New York City, baby.

Tuesday, March 23, 2004

Blubox loves that...

The first seven and a half minutes of Shine On You Crazy Diamond is instrumental.

In possession of such an undeniably great hook, we wonder if Pink Floyd had been tempted to craft its ode to ex-frontman Syd Barrett into a radio friendly hit.

It doesn't matter if they opened the song with a haunting Saturunian instrumental out of principle, bravado, or a declaration of autonomy, we're glad they gave the full moon to the potential seducement.

It's rare nowadays to enter a rock song in this way -- slowly, gently, like entering through a long dark tunnel. The words don't begin until you have passed fully into the unknown world.

Relaxing music used to play at the theater while you waited for the movie to begin. At least that's the way it was at the Jax Jr. Cinema. And a curtain would open just as the opening image flashed on the screen, another signal to the mind that it was leaving home.

What do we get before the movie now? Commercials. We go from noisy images to noisy images, and no longer does a curtain open. Lost is that time for adjustment, those first steps into the tunnel, that unmistakable sign that the moment has come to leave where you are and go somewhere else.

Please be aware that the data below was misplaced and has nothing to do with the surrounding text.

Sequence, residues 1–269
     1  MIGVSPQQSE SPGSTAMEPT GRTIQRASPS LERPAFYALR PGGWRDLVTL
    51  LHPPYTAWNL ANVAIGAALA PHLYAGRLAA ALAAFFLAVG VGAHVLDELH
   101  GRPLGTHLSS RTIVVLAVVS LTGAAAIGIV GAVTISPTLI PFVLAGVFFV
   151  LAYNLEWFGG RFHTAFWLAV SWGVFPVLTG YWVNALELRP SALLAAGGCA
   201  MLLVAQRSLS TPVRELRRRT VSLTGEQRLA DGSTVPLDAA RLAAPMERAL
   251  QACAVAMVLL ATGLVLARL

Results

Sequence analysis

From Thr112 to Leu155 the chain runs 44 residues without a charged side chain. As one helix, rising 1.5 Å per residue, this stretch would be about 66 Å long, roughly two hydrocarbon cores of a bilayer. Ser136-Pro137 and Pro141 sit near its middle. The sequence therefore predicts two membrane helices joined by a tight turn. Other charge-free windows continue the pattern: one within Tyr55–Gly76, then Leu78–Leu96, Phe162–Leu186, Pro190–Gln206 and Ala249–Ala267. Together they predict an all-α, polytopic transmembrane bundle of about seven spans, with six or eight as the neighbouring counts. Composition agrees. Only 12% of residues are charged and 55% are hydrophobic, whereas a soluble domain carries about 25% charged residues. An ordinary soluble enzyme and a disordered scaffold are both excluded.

Living in New York, this time of adjustment -- when we leave our world and enter into another -- often feels non-existent, or if it does exist than overlooked. And yet the quiet anteroom between journeys, between thoughts, between activities -- they feel even more necessary.

But in the non-stop environment of the city, escaping the shackles of our inaccurately understood life and gliding into an existence that is normally unseen can feel impossible.

Then again, maybe we just need a seven and a half minute intro to everything we do.


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